Is it just me or did your long reply answer the "Big Oil pays no corporate taxes" by entirely avoiding the question? You can go and read the trascripts of the Big Oil execs under oath just last week. They get more tax breaks than they pay in taxes. They even said that they don't need the tax breaks. You're arguing against real life with theory.

James Elliott said...

"And if you don’t like Big Oil, you should be happy to know that over the last 25 years, they have paid more in taxes than they have earned. Over a trillion dollars!"

That's blatantly not true. You literally just lied.

"The money passed to shareholders will be taxed on capital gain, and dividend."

Oh, you mean the taxes that hardly exist any more?

Again, you're arguing theory without any attention to what ACTUALLY OCCURS in reality.

James Elliott said...

Besides, j-deal, isn't your argument basically "We can never actually tax corporations." It's euphemistic double speak masquerading as logic. By your very argument, you argue against the existence of corporations. After all, where's the exchange for the benefit of limited liability if you can't actually tax the corporation?

Of course, conservative arguments about taxes are grounded in ideological blindness in the first place, so I don't actually expect you to get any of that.

J-Deal said...

James, please do not call me a liar without looking up the stats youself.

Here are the exact numbers.

http://www.taxfoundation.org/publications/show/1168.html

"Oh, you mean the taxes that hardly exist any more?"

Tell me since the Clinton and Bush capital gains tax cuts, have capital gain revenues increased or decreased?

"Besides, j-deal, isn't your argument basically "We can never actually tax corporations." It's euphemistic double speak masquerading as logic. By your very argument, you argue against the existence of corporations. After all, where's the exchange for the benefit of limited liability if you can't actually tax the corporation?"

Your first part is right. It is impossible to actually tax corporations, you can only tax “price, wage and supply chain.” A corporation is nothing more than a series of small contracts broken into a large contract.

"Again, you're arguing theory without any attention to what ACTUALLY OCCURS in reality."

What are you talking about here? Please explain to me a way to tax, other than the “wages, supply chain or price?” - price falling into the basic definition of currency.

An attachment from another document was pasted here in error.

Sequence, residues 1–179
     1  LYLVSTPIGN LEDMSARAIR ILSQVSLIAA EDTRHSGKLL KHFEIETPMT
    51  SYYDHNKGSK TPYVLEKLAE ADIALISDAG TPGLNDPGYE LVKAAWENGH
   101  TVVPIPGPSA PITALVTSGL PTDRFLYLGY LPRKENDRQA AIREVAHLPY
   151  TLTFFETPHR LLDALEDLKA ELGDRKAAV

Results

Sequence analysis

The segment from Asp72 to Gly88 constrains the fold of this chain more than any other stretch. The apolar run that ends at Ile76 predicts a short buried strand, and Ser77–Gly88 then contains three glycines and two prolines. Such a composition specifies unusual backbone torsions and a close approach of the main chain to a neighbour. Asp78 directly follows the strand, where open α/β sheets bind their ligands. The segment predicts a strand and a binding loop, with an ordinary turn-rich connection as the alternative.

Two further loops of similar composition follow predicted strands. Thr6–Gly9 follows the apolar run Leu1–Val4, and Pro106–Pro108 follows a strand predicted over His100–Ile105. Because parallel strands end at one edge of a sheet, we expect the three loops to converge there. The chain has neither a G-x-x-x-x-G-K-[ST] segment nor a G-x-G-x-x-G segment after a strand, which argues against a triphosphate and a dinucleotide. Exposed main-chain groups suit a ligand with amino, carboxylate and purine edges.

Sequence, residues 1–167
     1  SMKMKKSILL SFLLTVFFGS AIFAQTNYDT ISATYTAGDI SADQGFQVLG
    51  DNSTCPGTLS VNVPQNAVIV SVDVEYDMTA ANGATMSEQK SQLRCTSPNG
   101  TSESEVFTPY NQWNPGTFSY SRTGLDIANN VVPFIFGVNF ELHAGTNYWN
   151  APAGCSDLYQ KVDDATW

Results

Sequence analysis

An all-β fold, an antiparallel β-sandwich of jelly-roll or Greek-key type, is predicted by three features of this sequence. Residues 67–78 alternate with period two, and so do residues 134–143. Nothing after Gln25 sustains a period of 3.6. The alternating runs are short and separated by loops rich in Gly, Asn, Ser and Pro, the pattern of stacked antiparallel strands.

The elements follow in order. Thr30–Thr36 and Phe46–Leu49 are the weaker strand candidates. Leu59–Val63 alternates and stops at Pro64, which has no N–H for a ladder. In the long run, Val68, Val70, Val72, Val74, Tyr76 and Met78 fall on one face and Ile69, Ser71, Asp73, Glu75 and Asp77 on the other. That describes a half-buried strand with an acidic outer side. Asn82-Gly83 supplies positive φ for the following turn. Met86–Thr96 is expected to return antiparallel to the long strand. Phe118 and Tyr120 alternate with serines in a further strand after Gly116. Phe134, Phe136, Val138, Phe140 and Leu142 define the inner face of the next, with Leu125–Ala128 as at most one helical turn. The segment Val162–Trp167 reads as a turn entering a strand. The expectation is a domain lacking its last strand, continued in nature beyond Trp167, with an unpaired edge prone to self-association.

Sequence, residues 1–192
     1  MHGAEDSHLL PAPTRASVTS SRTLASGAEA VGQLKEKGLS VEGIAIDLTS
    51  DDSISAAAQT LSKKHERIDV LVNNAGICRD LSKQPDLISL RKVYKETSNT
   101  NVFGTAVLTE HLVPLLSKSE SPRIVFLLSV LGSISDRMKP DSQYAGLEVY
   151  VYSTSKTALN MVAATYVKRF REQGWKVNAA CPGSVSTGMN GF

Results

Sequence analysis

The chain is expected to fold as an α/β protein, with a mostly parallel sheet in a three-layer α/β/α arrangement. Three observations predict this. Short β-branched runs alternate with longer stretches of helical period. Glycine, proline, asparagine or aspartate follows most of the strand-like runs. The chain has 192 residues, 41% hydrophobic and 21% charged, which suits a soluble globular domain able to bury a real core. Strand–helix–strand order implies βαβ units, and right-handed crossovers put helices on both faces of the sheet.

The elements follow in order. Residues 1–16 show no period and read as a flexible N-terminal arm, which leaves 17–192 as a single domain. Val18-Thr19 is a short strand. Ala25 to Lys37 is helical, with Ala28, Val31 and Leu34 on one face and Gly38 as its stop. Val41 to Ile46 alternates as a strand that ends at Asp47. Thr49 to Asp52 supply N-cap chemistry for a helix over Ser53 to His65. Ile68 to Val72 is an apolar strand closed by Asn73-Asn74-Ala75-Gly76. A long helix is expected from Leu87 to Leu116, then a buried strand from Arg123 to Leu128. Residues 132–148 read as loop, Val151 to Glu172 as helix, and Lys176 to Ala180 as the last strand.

"where's the exchange for the benefit of limited liability if you can't actually tax the corporation?"

All a corporation does is share liability. It has nothing to do with taxes. Think of it as a large contract being shared by many. Liabilities cannot exceed that contract. Corporations don’t really have anything to do with taxes. They were created by the Dutch in order to share liability between many investors in the original trading companies. The benefit - besides human freedom and all that - can be seen all around you. Look at the what happened to the Dutch after they created Modern Banking. Look at America after we combined Modern Banking with Modern Property rights to create Capitalism. A way of governance is not about financial incentive.

"j-deal, I invite you to look at wage-earner versus corporate share of tax for the last fifty years. You will find that the share of taxes corporations pay is well under 35% - in fact, their share is at the lowest point in that time frame."

Again, I ask you, where does this money come from, if it does not come from Supply Chain, Wages or Price? Take it to an extreme, lets not tax people at all, lets only tax Corporations. Do you think your after tax real income would be smaller, higher or the same? It’s more about hidden costs than anything else. If America was a completely closed society, then it would actually make more sense to only tax corporate profits, or tax income. It would create for a more visible tax structure. However, we don’t live in a closed society, so we must make a competitive society, taking mobility into account.

I do however agree, that oil companies shouldn't get tax breaks, I believe in a pure flat tax.

Also, You stated...

"It's interesting that Santa Fe had such a negative reaction to living wages. Santa Clara County and San Jose both have living wage requirements and employment increased for those same workers. In fact, Santa Fe is the exception, not the norm."

Actually the reverse is true. The living wage was put in place in the San Jose/Santa Clarita area during the dot com boom. So for a year employment increased, then it decreased greatly until it became about 50% higher than the National Average. It didn't really start to come back till last year.

http://data.bls.gov/cgi-bin/surveymost